Several Southeast Alaskan groups gathered for a rally at the state Capitol to voice their support to retain environmental protection and conservation policies for the Tongass National Forest.

The Southeast Alaska Conservation Council says people are urging U.S. Department of Agriculture Secretary Sonny Perdue to select a no-action on an Alaska-specific roadless rule.

The 2001 National Roadless Rule prohibits road construction and timber harvesting on 9.2 million acres of the Tongass. According to a press release from SEACC, the state is looking to set its own provisions which would eliminate ecological and cultural protections provided by the national rule.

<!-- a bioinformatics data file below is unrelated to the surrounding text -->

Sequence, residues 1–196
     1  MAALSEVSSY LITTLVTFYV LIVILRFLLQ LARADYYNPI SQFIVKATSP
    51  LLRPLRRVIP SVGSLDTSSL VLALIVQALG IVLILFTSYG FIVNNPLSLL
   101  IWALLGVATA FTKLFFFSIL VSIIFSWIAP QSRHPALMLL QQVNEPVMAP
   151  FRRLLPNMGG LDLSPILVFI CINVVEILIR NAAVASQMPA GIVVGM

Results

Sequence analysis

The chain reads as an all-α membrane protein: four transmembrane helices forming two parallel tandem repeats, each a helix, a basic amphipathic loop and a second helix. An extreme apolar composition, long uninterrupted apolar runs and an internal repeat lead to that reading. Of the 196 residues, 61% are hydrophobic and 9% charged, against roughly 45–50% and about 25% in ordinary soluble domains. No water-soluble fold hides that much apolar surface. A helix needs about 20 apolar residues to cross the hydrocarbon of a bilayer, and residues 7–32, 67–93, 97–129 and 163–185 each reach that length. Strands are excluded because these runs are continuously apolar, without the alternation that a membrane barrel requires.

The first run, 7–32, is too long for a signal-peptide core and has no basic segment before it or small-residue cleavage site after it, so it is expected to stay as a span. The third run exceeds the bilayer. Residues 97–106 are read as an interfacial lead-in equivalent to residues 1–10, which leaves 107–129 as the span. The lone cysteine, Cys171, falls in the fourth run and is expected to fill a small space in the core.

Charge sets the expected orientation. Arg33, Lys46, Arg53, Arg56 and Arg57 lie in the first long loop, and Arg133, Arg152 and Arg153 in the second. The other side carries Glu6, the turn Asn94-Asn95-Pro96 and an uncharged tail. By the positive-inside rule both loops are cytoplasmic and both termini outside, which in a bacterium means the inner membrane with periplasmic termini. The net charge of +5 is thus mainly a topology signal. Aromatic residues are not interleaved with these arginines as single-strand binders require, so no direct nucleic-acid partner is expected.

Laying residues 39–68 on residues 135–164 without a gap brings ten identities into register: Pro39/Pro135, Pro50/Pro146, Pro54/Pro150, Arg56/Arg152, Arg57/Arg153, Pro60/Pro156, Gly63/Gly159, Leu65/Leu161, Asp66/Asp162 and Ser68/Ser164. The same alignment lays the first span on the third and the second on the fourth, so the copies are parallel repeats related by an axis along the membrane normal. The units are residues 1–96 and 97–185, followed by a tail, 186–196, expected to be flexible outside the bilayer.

Should the state set its own rules, SEACC says protected areas of the Tongass — about half of the forest — would open for old-growth logging.

SEACC says the Tongass is within territories of the Tlingit, Haida and Tsimshian people and could harm wildlife and indigenous traditions.

"We as tribal leaders support keeping the national roadless rule, which helps protect resources in our area from any more logging roads and logging," Joel Jackson, Tribal President of the Organized Village of Kake, said in a statement. "We depend on our forests and salmon streams to sustain us. Our traditional hunting and fishing practices are critical because they put food on our tables."

According to USDA, the Tongass National Forest is approximately 17 million acres and is the country's largest national forest. The USDA Forest Service plans to release a draft environmental impact statement this summer for an Alaska-specific roadless rule.

 

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